The president’s call for a spending freeze does not go far enough for Republicans, but goes too far for many progressive Democrats. Oregon Congressman Peter Defazio says spending restraint alone will not balance the budget. "You can’t get there simply by cutting. So let’s get real," he said.

Domestic non-security, non-entitlement spending accounts for less than 15 percent of federal expenditures. Members of both parties, as well as the Obama administration, agree that America’s long term fiscal health will continue to be imperiled until revenue shortfalls for programs like Medicare are corrected.

Treasury Secretary Timothy Geithner said, "Over time, you are going to see our commitments on entitlements start to eat away a much more dramatic share of GDP [U.S. gross domestic product] over time, and that is untenable, unsustainable."

But Republicans are slamming the president for failing to include entitlement reform proposals in his budget. Senate Minority Leader Mitch McConnell accused Mr. Obama of ignoring the advice of his own deficit commission, which recommended an overhaul of federal spending commitments to the aged and disadvantaged. "We are still waiting for the president to lead. One thing I can tell you: there will be no entitlement reform without presidential leadership," he said.

Administration officials say entitlement reform proposals will be forthcoming, once revenue shortfalls in other parts of the budget are addressed. Meanwhile, Democrats accuse Republicans of fiscal hypocrisy, noting that America had a budget surplus under a previous Democratic president - Bill Clinton - that was turned into a deficit under his Republican successor, George W. Bush.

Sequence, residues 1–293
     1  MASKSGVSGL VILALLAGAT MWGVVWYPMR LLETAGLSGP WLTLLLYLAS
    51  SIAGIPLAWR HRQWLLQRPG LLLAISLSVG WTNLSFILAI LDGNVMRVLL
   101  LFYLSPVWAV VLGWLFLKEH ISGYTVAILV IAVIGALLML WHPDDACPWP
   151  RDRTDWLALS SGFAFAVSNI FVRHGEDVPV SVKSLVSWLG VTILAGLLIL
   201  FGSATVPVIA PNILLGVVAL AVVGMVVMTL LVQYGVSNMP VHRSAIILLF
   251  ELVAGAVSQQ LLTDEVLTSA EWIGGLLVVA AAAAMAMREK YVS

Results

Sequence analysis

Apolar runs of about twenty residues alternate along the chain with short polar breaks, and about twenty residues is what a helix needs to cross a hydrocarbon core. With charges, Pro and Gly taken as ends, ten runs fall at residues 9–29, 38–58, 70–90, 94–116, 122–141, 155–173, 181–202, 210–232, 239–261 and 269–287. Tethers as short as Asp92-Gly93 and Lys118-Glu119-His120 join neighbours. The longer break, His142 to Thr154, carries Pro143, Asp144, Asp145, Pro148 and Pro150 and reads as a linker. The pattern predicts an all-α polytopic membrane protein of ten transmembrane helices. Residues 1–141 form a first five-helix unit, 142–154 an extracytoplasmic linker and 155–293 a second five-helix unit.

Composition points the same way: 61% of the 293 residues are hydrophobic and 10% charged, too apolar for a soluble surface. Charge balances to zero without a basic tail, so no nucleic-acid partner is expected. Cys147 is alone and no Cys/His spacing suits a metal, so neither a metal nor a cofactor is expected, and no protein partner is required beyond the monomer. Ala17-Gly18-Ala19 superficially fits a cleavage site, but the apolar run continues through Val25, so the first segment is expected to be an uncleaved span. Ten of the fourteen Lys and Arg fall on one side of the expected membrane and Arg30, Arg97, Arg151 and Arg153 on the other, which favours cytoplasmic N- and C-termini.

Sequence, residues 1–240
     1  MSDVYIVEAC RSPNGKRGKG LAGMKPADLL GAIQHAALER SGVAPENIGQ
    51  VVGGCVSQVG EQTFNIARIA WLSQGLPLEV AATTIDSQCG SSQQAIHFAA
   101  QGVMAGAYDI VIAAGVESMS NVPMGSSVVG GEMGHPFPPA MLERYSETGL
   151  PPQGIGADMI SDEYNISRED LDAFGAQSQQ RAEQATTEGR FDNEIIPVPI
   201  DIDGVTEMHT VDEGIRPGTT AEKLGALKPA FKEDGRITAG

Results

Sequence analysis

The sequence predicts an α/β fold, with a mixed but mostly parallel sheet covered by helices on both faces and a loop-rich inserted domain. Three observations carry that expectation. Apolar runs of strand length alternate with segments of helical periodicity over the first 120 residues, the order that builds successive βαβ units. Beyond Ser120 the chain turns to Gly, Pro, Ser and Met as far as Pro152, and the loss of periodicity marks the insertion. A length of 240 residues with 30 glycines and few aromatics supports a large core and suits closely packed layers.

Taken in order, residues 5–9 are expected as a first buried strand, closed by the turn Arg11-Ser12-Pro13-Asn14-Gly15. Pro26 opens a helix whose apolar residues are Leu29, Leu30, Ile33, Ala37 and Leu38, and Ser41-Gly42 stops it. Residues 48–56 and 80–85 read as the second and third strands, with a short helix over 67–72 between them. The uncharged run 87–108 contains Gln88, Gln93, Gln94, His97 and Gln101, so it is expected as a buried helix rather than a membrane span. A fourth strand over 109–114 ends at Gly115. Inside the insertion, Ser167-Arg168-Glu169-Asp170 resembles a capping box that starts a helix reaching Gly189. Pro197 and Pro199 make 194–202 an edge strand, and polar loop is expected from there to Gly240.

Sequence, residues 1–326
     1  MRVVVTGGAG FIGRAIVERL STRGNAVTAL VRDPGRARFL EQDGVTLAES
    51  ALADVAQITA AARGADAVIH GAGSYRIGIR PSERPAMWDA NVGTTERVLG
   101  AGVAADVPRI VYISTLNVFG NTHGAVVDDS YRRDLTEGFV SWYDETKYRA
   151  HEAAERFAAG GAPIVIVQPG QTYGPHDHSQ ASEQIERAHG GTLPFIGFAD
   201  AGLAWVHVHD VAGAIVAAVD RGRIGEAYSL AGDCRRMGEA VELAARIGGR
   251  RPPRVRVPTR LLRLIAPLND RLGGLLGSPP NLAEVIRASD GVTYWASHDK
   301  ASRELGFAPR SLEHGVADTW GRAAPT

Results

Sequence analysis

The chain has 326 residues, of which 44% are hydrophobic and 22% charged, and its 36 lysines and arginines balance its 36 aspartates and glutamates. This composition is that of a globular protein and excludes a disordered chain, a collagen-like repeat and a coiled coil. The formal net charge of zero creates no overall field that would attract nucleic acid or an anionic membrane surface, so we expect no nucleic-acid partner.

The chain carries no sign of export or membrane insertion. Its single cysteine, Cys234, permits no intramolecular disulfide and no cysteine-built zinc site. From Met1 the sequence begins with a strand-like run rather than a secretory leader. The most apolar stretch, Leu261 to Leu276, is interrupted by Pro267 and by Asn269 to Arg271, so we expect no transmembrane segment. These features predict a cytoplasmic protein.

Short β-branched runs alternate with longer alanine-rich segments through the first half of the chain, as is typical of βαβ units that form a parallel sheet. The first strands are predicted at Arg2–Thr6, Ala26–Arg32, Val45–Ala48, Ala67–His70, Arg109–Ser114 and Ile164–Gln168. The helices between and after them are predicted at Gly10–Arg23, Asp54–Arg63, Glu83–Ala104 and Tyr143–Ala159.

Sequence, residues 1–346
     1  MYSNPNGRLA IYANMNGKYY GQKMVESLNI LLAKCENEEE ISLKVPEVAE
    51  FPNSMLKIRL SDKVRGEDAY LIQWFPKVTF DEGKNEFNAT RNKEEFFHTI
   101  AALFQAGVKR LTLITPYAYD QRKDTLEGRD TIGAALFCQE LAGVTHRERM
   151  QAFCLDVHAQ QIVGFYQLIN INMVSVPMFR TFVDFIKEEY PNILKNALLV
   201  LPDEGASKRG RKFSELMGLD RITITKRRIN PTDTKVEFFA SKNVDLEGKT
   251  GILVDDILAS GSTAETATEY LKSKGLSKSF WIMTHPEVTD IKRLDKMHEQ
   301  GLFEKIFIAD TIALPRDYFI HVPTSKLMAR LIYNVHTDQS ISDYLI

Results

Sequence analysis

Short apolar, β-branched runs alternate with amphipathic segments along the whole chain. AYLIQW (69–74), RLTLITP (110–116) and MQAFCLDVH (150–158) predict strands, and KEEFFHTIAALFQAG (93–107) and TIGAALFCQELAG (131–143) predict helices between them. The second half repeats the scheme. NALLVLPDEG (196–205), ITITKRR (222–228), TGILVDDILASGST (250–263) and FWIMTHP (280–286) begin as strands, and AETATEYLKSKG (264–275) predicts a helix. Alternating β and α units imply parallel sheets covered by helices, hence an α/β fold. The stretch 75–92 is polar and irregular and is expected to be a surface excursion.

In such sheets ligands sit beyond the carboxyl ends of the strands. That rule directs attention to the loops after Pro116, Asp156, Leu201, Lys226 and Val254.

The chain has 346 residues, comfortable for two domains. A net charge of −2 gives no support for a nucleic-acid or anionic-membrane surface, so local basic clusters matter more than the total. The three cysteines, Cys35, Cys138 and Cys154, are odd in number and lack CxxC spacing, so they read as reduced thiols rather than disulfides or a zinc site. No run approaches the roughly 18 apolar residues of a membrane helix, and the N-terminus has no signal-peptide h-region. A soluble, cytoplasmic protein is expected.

U.S. politicians are responding to a mixed and contradictory message from the American people, according to Michael Dimock of the Pew Research Center, which issued a study this week on public attitudes towards government spending and debt.

"Cutting domestic spending gets a lot of support these days in the abstract. But when you get down to the individual line items [in the budget], people recognize the benefits of those programs, and often tend to prefer increased spending in a lot of these areas over decreased spending," he said.

Polling conducted by the Pew Research Center suggests Americans want to see shared sacrifice when it comes to budget cuts, and a mixed approach overall to close the budget gap. "The vast majority of Americans say it is going to take a combination of both tax increases and spending cuts to really address the deficit, and that crossed party lines," he said.

An appetite for a mixed approach would seem to favor President Obama’s budget plan. Yet the American people just elected a Republican-led House of Representatives, and boosted Republican numbers in the Senate. The vast majority of new Republicans made campaign promises to drastically cut federal spending and steadfastly oppose any tax hikes. So far, they are holding firm on those pledges.